The BF 3 beta came with two maps on which to enjoy its metric tonne of kick-ass. I predominately played Metro, which is a Rush Map. One side defends (camps) while the other side plays moving target to all the defending snipers. Your object is to destroy/defend the generic M-Com stations. Typically a bomb takes 10 seconds to arm or disarm and takes what seems a life time to detonate. After one side manages to defy the campers and destroy the M-Com station the map opens up more and new M-Com stations are activated. Wash, rinse and repeat until one side wins.
I also had a brief encounter with the more BF2-familiar Caspian Border map, which is your standard Capture the Flag map. It wasn’t as fast and furious as Metro and it suffered from some noticeable lag. In its defence, it is a huge map with up to 64 people (24 players for you console players) in game at one time. In the hour or so that I played, I successfully camped the living bejesus out of a flag in the woods and terrorized some guys spawning on a tank who couldn’t figure out that I was effectively ‘spawn camping’ with a huge tank miles away. My fun was cut short when a passing jet bombed me clear into a respawn screen. These are the kinds of maps that really attracted me to Battlefield in the first place. Want to play a combat flight sim? It’s here. How about cruising around in an armour plated machine of war? Battlefield has got you covered. Want to be foot soldier getting absolutely massacred by the aforementioned death machines? Well look no further, all your needs are met and viciously crushed underfoot.
The Dirty Bottom Line
It’s just a demo. It’s like a good strip tease, showing you just enough to leave you salivating more. However – staying with the strip tease analogy for one moment more – the closer you look the more you see the sad, vacant look in the stripper’s eye. There are numerous clipping issues. Crawling around in the scrub occasionally leaves you looking straight through the bottom of the map. Weapons magically lose their ability to aim down the barrel, usually when you are busy getting shot the hell full of holes whilst busily spraying the country side with ineffective return fire. It may just be a beta/server config thing but I was unable to call up an in-game options menu at times to configure graphics options etc. Also on the menus, the in-game squad menu and respawn screen seemed to operate on some sort of reverse fuzzy logic. Its design was seemingly intended to look intuitive but really it’s just messing with you. Origin (EA’s answer to Valve’s content delivery system Steam) is required to play and frankly, Origin is not pretty.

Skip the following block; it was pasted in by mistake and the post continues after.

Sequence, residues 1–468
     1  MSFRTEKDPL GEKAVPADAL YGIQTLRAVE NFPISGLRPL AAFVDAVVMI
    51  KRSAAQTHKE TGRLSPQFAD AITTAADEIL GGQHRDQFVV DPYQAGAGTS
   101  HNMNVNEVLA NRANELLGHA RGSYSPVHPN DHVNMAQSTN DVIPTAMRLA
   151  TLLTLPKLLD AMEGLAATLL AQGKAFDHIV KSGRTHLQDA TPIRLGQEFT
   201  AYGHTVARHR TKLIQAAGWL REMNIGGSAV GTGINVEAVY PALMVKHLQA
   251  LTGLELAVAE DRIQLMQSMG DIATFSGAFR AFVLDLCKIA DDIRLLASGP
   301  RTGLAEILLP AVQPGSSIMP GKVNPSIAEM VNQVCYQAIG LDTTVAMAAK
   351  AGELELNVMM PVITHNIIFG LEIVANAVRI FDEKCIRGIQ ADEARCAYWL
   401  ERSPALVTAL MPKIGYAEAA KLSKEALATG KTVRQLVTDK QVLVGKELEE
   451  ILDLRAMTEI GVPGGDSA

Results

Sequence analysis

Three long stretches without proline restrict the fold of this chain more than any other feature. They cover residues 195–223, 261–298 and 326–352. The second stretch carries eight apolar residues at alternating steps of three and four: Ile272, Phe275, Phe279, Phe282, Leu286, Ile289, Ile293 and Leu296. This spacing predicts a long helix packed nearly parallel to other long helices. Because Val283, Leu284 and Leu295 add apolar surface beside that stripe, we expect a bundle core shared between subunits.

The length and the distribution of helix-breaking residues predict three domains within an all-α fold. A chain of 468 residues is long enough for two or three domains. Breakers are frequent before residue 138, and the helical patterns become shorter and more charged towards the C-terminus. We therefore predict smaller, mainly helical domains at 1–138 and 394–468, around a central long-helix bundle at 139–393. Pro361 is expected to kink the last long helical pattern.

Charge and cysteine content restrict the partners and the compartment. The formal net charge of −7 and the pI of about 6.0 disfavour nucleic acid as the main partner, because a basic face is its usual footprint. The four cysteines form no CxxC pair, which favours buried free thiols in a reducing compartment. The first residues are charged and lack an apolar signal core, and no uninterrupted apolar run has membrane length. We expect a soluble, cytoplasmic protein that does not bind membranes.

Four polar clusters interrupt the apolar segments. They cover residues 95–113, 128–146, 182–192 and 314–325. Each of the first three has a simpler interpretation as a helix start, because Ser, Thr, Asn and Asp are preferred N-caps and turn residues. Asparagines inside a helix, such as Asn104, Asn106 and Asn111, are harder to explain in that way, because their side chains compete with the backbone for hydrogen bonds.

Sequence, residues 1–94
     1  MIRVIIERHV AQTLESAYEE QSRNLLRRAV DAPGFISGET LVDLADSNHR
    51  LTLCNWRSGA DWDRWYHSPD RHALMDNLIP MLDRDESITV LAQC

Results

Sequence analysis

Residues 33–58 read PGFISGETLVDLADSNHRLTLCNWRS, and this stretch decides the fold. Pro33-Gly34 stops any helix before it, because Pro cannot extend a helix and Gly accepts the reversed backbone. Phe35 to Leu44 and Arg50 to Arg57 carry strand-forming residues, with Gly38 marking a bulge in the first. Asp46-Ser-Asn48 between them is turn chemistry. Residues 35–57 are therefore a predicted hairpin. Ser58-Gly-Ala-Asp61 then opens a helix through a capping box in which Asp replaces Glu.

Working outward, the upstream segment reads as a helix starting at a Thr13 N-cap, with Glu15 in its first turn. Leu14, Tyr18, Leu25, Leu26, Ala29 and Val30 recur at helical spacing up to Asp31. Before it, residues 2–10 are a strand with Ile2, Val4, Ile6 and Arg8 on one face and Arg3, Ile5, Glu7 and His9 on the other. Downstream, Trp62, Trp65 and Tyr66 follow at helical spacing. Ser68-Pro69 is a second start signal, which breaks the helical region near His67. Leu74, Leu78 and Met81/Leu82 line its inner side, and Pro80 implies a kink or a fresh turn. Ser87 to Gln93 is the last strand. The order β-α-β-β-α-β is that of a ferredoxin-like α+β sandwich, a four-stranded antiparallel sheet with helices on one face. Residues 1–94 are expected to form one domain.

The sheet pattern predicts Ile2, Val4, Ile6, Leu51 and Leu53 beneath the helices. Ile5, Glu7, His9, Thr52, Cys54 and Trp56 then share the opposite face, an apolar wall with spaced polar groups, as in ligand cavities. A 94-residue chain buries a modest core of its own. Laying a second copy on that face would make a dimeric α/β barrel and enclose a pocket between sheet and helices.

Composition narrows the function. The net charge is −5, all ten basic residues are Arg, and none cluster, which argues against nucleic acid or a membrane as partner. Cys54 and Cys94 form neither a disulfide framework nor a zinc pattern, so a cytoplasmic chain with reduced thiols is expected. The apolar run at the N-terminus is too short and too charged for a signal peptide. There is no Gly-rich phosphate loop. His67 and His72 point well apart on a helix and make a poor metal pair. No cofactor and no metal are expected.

I guess I should mention the competition in closing. If you believe everything you read online, you will firmly believe that there is only room for one First Person Shooter this year. It will either be Activision’s Call of Duty: Modern Warfare 3 or EA’s Battlefield 3. In fact there is enough noise online to believe that the two of them are going to throw down and duke it out after school behind the bike sheds. Yes the wildly successful CoD:MW series is currently the de facto go-to shooter, and its influences are more than apparent in the BF3 demo, but can there really only be one game where gung-ho marines go toe-to-toe with Insurgents/Russians/Militant Parking Wardens? I would hope not. My call is that CoD:MW3 will outsell BF3 at least two to one, but I think Battlefield 3 will be the enduring title. Sure Christmas will be dominated by CoD:MW3 but Battlefield 3 will be creepy kid at the high school dance. He’s always just over there in the shadows, watching, waiting.
Well Should I, Punk?!
Well of course you should! If you are new to Battlefield games then boy howdy are you in for a treat. The learning curve is a bit steep and be prepared to die, a lot. Beyond that there is something so satisfying about getting completely owned by some camping bastard with a sniper rifle but coming back to run him over in a tank. And that's really it, the vehicles and huge, massively multi-player maps have always stood BF-titled games head and shoulders above its competitors, and I see no reasons for that to change from the glimpse I got through the beta. So I give Battlefield 3, my ‘Buy It’ recommendation.
Battlefield 3 comes out on October 27.
Did you try the beta? Post your comments below.